Hit or Miss Well. Is also in sandstone rock, is 12 feet deep has a rocky cave mouth, which is about 4'0" deep. I have not yet timbered the mouth of this well pending your decision as to have the wells cut down to standard size viz., size 6'0" x 4'0", to do so would mean filling the cavern up around 5'0" X 3'0" timber then taking it out and filling it in again around 6'0" x 4'0". As the well has a hard rocky mouth, and is as convenient as any of the other wells to get water from I ventured to leave it against receipt of word from you. The well makes at rate of 1,440 gallons in per 24 hours, and the water rises to within 4'6" of the surface. There is a borehole two feet deep in the bottom, up through [which] much of the water flows (Chewings 1909b)
22 miles from Giant well. 8 feet deep through limestone. Water fresh. Country around the same, nothing but spinifex and low stunted scrub, Supply about 5,000 gallons. (Ross 1910)
There is a green swamp with samphire and other camel feed surrounding a red sandhill a short distance from the well, and from this delectable spot the well derived its name. (Chewings 1930a:325) [2-6 and 11-14 May 1909]
Green Swamp Well. In sandstone rock, depth 6'0", size 5'0" X 3'0" makes at rate of 1,728 gallons in twenty four hours. (Chewings 1909b)
35 miles from Hit or Miss Well. Country between and around this well slightly better, more eatable bush and a littlegrass in places of the course [sic] wirey kind. Depth 8'0". 5'0" X 3'0+ supply 2,000 gallons in 24 hours. This well is situated in the centre of a large Teatree Swamp and the water is of excellent quality. (Ross 1910)
We got a surprise at 3 1/2, and again at 4 1/2 miles from Pigeon Camp at seeing the tracks of one bullock. At the latter distance we dropped on to a plain; at 5 1/2 miles we were again on the top of a high sandhill from which we saw a titree swamp a mile and a half to the north. We went to it, decided to bore, and at 9 feet 6 inches from surface struck a fair supply of fresh water. We then started a well and got down 2 feet on this day also. … The well is named Cattle Swamp Well. (Chewings 1930a:327)
abt 7'6" or 8' deep, water rises to within 3'6" of surface, from a bore hole, 3'6" 15' deep from surface, nearly all the water flows [through?] borehole being in the centre of the well. - makes at the rate of 1080 gals per 24 hours, size of well 5' x 3'. (Chewings 1909b)
24 miles from Green Swamp depth 8 feet 5'0" X 3'0" through sand and rubble limestone. By baling the supply was over 2,000 gallons in 24 hours of fresh water. Country around all desert and nothing for cattle or horses to eat. (Ross 1910)
"Hit or Miss" Well. 22 miles from Giant Well. 8 feet deep through limestone. Water fresh. Country around the same, nothing but spinifex and low stunted scrub, Supply about 5,000 gallons.Chewings apparently accompanied Ross's inspection, as witness his reminiscence:
"Green Swamp" Well. 35 miles from Hit or Miss Well. Country between and around this well slightly better, more eatable bush and a little grass in places of the course [sic] wirey kind. Depth 8'0", 5'0" X 3'0" supply 2,000 gallons in 24 hours. The well is situated in the centre of a large Teatree Swamp and the water is of excellent quality. (Ross 1910)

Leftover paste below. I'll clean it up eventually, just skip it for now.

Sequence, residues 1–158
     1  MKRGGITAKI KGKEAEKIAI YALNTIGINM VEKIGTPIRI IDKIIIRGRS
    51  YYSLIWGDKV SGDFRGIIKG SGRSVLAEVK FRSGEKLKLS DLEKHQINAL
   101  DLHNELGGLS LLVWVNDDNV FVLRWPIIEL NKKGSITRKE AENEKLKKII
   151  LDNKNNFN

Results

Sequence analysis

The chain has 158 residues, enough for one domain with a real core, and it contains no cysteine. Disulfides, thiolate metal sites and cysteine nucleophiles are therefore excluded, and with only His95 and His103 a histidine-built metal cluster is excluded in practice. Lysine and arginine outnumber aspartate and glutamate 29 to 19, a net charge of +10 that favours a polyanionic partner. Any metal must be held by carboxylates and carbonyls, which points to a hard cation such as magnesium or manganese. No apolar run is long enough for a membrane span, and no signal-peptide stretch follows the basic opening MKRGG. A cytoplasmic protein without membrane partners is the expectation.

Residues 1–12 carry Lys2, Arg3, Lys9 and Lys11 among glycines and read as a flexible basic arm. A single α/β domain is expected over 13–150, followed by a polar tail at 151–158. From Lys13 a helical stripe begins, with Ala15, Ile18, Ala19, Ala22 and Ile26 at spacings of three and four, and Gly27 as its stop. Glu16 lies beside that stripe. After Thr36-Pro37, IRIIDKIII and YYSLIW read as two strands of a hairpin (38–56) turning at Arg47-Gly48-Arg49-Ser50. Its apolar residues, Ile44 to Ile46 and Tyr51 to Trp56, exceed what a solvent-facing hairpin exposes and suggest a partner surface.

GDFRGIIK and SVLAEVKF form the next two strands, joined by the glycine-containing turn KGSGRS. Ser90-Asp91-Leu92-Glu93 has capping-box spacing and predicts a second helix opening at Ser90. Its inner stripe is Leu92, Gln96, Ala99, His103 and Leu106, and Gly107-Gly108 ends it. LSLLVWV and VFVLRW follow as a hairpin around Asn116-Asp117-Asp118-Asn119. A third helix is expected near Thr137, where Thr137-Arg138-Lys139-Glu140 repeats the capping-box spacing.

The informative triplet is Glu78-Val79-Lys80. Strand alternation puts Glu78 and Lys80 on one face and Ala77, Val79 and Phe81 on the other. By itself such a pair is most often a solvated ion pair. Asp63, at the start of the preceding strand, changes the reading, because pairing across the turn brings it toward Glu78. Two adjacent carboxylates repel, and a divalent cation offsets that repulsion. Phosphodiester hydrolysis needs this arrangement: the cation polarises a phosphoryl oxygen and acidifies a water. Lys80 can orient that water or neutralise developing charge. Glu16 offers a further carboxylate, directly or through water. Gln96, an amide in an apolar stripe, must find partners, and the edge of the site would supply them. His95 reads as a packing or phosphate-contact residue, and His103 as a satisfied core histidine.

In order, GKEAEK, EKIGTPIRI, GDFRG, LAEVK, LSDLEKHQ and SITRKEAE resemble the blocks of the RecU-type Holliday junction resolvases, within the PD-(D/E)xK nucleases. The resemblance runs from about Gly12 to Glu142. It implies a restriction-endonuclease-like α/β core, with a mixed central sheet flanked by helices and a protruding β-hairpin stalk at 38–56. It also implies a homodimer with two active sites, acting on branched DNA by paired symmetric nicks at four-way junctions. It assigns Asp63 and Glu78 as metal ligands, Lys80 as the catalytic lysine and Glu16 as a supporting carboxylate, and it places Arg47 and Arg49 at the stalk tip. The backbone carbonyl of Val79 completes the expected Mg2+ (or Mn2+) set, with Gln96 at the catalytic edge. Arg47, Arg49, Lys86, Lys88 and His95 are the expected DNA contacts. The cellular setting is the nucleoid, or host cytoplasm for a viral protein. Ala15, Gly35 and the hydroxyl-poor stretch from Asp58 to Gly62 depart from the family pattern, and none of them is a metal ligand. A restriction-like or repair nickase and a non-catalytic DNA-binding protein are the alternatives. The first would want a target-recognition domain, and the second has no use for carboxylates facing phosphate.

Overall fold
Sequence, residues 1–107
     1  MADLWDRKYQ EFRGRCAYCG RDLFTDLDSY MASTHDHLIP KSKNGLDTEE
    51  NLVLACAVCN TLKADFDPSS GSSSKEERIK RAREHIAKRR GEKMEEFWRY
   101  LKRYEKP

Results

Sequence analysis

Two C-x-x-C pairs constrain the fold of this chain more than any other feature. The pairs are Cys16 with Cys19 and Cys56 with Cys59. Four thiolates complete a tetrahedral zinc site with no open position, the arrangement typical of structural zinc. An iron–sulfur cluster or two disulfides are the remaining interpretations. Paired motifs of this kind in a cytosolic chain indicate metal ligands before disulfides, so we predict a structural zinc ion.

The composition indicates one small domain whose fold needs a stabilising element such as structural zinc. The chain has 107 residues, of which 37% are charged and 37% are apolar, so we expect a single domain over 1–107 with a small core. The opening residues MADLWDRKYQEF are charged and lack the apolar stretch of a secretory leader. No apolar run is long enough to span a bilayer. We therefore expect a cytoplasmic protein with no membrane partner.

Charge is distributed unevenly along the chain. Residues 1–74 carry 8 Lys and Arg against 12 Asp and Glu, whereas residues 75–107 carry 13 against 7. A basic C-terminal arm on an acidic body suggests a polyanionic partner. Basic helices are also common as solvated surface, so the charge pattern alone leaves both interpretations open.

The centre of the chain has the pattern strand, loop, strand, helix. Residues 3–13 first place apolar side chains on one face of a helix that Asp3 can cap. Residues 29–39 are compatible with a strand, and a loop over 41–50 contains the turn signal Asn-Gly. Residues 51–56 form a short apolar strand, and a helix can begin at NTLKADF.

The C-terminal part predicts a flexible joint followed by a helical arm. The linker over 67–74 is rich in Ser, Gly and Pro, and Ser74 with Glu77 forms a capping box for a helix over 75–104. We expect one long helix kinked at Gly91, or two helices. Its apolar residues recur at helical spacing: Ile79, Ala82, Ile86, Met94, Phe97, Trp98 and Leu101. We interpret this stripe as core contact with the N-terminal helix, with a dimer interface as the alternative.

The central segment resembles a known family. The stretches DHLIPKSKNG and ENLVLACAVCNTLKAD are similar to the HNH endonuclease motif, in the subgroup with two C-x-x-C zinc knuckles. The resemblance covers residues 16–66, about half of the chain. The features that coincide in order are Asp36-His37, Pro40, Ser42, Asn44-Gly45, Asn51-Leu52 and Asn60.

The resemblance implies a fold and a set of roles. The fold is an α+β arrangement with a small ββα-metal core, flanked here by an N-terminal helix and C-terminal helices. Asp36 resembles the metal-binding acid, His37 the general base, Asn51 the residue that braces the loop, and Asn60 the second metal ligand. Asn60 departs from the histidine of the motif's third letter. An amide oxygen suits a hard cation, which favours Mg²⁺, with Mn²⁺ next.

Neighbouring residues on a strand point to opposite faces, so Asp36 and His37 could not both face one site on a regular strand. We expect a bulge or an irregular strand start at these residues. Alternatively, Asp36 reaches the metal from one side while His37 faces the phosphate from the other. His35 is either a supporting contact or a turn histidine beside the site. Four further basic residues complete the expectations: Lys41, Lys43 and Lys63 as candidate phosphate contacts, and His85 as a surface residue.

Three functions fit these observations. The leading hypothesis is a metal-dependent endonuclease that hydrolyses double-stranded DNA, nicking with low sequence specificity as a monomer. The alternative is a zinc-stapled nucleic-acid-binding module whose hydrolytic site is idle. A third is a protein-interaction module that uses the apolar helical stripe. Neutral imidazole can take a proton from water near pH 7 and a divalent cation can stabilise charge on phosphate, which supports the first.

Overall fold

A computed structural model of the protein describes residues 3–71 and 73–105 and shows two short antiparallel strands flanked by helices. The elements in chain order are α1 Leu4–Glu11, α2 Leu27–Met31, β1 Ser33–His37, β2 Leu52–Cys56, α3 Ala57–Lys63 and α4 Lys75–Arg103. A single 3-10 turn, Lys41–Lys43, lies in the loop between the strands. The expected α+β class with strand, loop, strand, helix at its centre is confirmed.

Charles Chewings, Glen Osmond, writes:* A Christmas Carol, Stave Three
"Dear Rufus — I read with interest in your columns that Mr Alick Ross was paying a visit to his old friend, WH Tietkens, in Sydney. Larrie Wells, WR Murray, and a host of kindred spirits will doubtless felicitate their foregathering. But of what kind of men are these pioneers of the bush? These super-men, so to say, who first let light into the dead heart of Australia. They had courage, determination, and perseverance, of course; but they had a more potent qualification still. Ernest Giles, so Tietkens told me, was as jolly as a sandboy under the most trying, and even dangerous, situations. Of Tietkens himself! There is little doubt that the mantle of Mark Tapley had fallen upon him. But what of the third member of that happy band? The following may throw some light on the matter. We of the Never Never owe much to persons we met there, who are endowed with the saving grace of humour, but for some petty reason or other we seldom acknowledge our indebtedness. It will be evident from the instance now to be related that our obligation was great. About twenty years ago Mr Alick Ross had been deputed by the SA Government to inspect a proposed stock route I was trying to open between Barrow Creek and Victoria River, in the Northern Territory. We both had our own equipment of camels and men. Knowing the road, for I had made it, my caravan usually travelled in the lead, and Mr Ross's close behind. It was in the month of January, and we had a roasting time right through that three hundred odd miles of low scrub and sandhill country, with never a hill to break the depressing monotony of the journey.
"Were we downhearted? No! for we had Alick Ross with us. Dickens once wrote:— 'It is a fair, even-handed, noble adjustment of things, that while there is infection in disease and sorrow, there is nothing so irresistibly contagious as laughter and good humour.'* I knew that as an explorer, bushman, stockman, cook, coltbreaker, blacksmith, well sinker, camel driver (like the great Mohammed), prospector, drover, accountant, judge of stock, station builder, station manager, and manager of men of any colour (a rare gift), Mr Alick Ross had the reputation of possessing in a high degree each and all of these qualifications, but, up to the time of which I write, I had no idea that nature had so liberally endowed him with the rare gifts of a first class raconteur. I can see him now sitting by the camp fire, apparently taking little notice of anything in particular, as the experiences of the more loquacious of the party were related, and then at the psychological moment slide quietly into the conversation, and in a few moments thereafter quite unobtrusively take possession of the floor, and all would be listening eagerly as he related some tale he had heard, or experience he had had, or that someone else had had. On one occasion I remember he told a tale about his old friend WH Tietkens in which he described in detail WHT's voice — although quite a small man in stature Tietkens has a remarkably gruff voice.